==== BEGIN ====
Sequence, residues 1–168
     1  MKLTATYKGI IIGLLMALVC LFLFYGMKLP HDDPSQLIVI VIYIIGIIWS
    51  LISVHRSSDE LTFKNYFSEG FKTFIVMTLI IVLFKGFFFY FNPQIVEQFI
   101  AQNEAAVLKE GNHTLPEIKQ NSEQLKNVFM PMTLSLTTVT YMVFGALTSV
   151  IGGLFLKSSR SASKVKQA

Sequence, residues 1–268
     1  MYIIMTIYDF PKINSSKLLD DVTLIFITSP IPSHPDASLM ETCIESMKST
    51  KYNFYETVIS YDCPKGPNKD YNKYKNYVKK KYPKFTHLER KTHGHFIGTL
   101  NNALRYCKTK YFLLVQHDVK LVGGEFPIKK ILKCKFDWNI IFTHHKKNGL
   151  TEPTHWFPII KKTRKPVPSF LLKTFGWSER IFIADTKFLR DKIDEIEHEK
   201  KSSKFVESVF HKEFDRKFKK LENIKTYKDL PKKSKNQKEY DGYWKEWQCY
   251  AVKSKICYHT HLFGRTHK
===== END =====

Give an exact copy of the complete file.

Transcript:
Sequence, residues 1–168
     1  MKLTATYKGI IIGLLMALVC LFLFYGMKLP HDDPSQLIVI VIYIIGIIWS
    51  LISVHRSSDE LTFKNYFSEG FKTFIVMTLI IVLFKGFFFY FNPQIVEQFI
   101  AQNEAAVLKE GNHTLPEIKQ NSEQLKNVFM PMTLSLTTVT YMVFGALTSV
   151  IGGLFLKSSR SASKVKQA

Sequence, residues 1–268
     1  MYIIMTIYDF PKINSSKLLD DVTLIFITSP IPSHPDASLM ETCIESMKST
    51  KYNFYETVIS YDCPKGPNKD YNKYKNYVKK KYPKFTHLER KTHGHFIGTL
   101  NNALRYCKTK YFLLVQHDVK LVGGEFPIKK ILKCKFDWNI IFTHHKKNGL
   151  TEPTHWFPII KKTRKPVPSF LLKTFGWSER IFIADTKFLR DKIDEIEHEK
   201  KSSKFVESVF HKEFDRKFKK LENIKTYKDL PKKSKNQKEY DGYWKEWQCY
   251  AVKSKICYHT HLFGRTHK